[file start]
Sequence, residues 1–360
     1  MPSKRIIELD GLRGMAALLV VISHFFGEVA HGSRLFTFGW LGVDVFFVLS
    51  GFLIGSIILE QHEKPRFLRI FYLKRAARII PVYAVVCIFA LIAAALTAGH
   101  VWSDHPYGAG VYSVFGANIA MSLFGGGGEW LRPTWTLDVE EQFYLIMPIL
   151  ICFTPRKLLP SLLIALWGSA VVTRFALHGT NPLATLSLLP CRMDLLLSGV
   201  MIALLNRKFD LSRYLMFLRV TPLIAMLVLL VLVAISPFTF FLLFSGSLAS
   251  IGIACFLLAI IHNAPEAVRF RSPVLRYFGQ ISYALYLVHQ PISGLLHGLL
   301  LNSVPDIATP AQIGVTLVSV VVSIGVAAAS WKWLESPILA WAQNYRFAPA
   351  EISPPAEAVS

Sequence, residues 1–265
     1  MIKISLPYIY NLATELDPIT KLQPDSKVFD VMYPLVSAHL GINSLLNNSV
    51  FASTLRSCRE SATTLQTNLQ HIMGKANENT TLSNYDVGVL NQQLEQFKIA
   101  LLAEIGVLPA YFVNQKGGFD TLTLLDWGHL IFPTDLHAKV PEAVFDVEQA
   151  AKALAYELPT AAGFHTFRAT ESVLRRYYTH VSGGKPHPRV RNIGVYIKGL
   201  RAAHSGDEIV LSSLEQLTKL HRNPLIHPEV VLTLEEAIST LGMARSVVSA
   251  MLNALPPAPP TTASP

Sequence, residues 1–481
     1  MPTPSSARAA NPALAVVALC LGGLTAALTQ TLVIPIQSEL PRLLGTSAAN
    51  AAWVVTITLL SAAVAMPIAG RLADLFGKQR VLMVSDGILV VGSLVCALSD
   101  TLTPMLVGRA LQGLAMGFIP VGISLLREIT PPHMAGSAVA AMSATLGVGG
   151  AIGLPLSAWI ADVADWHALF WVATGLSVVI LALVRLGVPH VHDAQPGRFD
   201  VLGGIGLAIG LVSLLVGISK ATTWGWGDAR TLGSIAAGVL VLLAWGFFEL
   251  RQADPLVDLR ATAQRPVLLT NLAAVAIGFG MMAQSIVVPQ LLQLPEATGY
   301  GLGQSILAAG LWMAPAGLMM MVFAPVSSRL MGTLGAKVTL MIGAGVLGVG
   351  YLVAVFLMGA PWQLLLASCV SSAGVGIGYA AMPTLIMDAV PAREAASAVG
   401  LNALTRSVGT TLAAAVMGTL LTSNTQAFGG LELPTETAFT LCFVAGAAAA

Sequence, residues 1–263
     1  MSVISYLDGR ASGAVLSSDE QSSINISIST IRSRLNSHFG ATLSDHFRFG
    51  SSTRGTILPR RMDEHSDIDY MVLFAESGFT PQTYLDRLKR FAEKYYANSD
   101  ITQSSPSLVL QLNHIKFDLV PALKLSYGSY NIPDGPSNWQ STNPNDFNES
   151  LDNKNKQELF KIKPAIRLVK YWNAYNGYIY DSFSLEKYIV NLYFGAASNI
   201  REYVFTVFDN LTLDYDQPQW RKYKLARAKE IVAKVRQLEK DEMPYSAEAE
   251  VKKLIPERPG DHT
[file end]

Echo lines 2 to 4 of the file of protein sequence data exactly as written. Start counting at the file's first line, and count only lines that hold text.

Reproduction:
     1  MPSKRIIELD GLRGMAALLV VISHFFGEVA HGSRLFTFGW LGVDVFFVLS
    51  GFLIGSIILE QHEKPRFLRI FYLKRAARII PVYAVVCIFA LIAAALTAGH
   101  VWSDHPYGAG VYSVFGANIA MSLFGGGGEW LRPTWTLDVE EQFYLIMPIL